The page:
Subject leaders have roundly panned the government's draft proposals for a new secondary curriculum, labelling the revised programmes of study as "dull", "depressing" and, in parts, "insufficiently thought through".
The damning verdict came after TES was leaked a copy of the draft curriculum for English, maths and science, and will come as a significant blow to education secretary Michael Gove, who hoped the changes would be seen as empowering teachers.
At just 30 pages long, the draft document confirms ministers' intentions to give teachers "extreme" freedom over what is taught, providing them only with short lists of topics that are expected to be covered in key stages 3 and 4.
But far from inspiring teachers, the leading subject associations have attacked the plans, branding them as unfit for pupils in the 21st century. The changes are due to be introduced in 2014.
Ian McNeilly, director of the National Association for the Teaching of English, was particularly outspoken about the draft curriculum, calling it "depressingly predictable".
"It's fantastic that Mr Gove has acknowledged that English as a subject needs to move into a different century. Unfortunately for all concerned, he has chosen the 19th rather than the 21st," he said.
Mr McNeilly added that few advocate the teaching of "high-quality" literature more than English teachers, but warned that a love of reading was best encouraged through appropriate and engaging texts rather than through a "relentless diet of canonical works and being able to recognise an ode".
He also criticised the lack of any mention of modern-day communications in the programmes of study, which instead stipulate the writing of personal letters.
"I'm really glad Mr Gove had a good time at school, and I am glad they (the Conservatives) want to spread privilege, but this is not the best way of doing it because it is not a reflection of the world, English as a subject or of children in the 21st century," Mr McNeilly said.
The response from the science teaching community was equally blunt, with the Association for Science Education describing the biology, chemistry and physics curricula as a "dull list of topics".
Annette Smith, the association's chief executive, said there was little evidence of progression from one key stage to the next and questioned why it had taken a year to produce the new curriculum.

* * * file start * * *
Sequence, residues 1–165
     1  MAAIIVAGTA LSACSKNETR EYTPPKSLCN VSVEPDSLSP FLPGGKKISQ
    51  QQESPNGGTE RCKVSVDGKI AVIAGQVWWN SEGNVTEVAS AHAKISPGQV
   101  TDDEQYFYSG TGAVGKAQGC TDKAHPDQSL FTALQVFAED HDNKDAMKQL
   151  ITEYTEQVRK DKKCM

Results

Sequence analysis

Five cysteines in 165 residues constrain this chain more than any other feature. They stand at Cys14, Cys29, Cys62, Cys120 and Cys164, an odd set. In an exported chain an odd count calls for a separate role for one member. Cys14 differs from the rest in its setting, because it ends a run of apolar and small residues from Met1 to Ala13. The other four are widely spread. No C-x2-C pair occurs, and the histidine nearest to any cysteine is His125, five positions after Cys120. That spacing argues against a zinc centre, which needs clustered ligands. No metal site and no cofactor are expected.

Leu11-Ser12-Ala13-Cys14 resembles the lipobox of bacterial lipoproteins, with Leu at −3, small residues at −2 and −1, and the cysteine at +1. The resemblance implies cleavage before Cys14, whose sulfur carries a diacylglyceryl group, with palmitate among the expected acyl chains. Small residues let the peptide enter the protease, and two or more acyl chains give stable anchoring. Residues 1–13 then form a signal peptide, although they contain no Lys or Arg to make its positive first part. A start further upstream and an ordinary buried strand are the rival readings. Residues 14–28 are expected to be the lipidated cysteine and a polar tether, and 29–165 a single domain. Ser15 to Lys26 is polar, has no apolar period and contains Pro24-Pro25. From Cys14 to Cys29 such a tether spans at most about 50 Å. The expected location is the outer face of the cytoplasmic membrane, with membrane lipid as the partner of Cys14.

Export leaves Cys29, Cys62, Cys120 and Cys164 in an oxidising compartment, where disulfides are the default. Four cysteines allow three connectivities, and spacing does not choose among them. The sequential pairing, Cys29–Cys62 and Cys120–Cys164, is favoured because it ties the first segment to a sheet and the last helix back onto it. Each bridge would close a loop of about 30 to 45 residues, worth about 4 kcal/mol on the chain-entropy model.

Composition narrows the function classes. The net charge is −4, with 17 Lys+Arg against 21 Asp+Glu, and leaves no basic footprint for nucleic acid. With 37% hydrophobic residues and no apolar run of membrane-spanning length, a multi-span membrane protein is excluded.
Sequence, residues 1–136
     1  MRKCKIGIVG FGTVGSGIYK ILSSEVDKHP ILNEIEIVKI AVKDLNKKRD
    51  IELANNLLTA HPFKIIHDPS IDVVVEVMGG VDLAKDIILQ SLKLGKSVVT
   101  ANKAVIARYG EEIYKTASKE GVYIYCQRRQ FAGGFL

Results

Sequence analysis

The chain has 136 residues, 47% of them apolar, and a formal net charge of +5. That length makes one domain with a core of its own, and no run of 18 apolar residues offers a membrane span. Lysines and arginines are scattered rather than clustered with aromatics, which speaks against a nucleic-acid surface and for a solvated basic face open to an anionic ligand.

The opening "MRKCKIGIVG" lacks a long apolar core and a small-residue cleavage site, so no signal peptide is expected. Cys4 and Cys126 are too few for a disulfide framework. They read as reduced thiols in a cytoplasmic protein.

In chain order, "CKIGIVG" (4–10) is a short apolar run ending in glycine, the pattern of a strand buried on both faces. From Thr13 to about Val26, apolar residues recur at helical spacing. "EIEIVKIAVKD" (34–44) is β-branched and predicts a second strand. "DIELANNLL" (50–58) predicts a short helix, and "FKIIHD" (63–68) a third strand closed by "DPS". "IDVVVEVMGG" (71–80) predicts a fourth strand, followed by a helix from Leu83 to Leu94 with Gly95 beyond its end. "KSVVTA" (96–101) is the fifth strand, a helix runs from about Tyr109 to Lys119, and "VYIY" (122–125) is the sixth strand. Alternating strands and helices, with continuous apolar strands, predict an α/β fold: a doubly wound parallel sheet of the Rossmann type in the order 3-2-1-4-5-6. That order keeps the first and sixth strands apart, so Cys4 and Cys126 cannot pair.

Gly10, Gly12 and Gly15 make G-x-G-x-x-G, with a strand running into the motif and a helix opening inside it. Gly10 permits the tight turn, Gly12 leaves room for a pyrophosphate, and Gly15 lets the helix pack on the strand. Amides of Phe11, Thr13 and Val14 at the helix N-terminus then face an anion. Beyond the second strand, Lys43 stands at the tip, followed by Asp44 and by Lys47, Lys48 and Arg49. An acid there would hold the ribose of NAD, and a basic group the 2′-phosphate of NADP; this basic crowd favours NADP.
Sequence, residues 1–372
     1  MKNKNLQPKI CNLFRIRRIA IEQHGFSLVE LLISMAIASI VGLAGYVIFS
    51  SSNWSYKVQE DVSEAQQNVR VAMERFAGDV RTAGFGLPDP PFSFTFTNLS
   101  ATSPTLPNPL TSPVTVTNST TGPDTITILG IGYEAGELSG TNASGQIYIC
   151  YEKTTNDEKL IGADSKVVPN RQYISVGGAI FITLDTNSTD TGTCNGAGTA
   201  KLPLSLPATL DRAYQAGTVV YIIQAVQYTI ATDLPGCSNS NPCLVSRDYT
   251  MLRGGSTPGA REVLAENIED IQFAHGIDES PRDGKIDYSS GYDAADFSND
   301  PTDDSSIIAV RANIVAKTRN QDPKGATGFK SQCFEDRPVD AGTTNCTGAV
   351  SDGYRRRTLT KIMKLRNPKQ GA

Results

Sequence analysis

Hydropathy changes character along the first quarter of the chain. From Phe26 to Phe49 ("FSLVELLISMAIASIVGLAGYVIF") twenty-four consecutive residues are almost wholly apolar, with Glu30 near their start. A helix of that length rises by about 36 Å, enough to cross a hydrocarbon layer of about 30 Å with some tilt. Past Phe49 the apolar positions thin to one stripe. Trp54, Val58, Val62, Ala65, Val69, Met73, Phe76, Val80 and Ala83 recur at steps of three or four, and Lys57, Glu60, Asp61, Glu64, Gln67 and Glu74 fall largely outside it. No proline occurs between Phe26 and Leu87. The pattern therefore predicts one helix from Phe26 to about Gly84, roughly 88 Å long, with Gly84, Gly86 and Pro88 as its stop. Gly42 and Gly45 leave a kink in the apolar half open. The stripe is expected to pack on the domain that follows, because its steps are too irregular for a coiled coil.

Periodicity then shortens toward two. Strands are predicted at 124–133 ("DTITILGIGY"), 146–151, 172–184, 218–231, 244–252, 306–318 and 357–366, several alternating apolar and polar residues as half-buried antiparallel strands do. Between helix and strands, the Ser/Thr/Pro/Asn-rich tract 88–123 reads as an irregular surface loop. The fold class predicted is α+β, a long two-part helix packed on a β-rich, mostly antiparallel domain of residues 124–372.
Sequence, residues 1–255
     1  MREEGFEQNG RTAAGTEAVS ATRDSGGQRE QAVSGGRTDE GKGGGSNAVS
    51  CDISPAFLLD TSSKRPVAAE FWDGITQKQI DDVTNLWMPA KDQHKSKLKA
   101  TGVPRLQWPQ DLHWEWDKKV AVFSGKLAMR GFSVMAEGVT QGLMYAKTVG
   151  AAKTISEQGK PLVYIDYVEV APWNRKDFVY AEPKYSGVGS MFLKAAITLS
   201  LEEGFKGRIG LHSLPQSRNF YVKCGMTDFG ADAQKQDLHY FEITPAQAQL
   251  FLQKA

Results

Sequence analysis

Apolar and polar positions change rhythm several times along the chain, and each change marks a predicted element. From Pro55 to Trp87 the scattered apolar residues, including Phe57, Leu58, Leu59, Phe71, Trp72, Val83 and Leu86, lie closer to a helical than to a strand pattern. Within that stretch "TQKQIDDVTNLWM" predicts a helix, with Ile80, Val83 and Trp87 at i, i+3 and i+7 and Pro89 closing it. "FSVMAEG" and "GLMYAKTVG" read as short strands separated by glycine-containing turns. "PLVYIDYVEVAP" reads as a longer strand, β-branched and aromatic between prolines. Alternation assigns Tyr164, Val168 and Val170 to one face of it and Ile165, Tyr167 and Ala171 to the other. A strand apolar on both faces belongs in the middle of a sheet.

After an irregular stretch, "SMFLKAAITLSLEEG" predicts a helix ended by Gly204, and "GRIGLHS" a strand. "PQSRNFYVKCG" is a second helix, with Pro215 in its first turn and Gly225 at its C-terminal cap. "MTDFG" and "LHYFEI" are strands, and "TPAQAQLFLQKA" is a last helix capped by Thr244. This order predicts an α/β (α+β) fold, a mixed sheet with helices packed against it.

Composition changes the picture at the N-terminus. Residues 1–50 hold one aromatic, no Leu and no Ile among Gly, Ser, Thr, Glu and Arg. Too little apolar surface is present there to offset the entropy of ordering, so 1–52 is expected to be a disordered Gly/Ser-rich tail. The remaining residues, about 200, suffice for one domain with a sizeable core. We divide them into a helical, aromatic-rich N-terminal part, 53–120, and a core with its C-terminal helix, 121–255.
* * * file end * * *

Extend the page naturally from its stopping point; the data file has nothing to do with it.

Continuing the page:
"It's not a curriculum," Ms Smith said. "It is a list, but not a national curriculum. If all the national curriculum is going to be is a list of knowledge, if that was the intention all along, then why did we have to wait so long for it?"
The changes to the curriculum are part of wider reforms that also include scrapping GCSEs and replacing them with O level-style English Baccalaureate Certificates.
It had been suggested that the secondary curriculum might also be dropped, but by keeping it to the bare bones ministers will be able to avoid drafting the legislation that would be needed to abolish it completely.
Professor Mary James, who was part of the government's national curriculum expert panel, was broadly supportive of the slimmed-down curriculum, saying that she hoped teachers would "rise to the challenge" to develop relevant lessons.
But she described the decision to copy its aims from those set out in the draft primary curriculum published before the summer as a "mistake".
"The fact that, in this draft, the primary aims are simply borrowed suggests that insufficient thought has been given to these," Professor James said.
"They should not be mere decoration. Any choice of curriculum content should be driven by a clear view of what purposes (educational, cultural, social, economic) the curriculum is expected to serve."
The Department for Education did not wish to comment.
A glimpse of what the draft secondary curriculum includes.
In English, pupils should be able to:
- recognise particular forms of poetry, such as sonnets or odes;
- write personal and business letters using the correct form.
In maths, pupils should know:
- statistics and probability;
- set theory;
- vectors and matrices.
In science, pupils should be taught about:
- prokaryotic and eukaryotic cells;
- the position of elements in the periodic table in relation to atomic value;
- the origins of the universe and how stars evolve.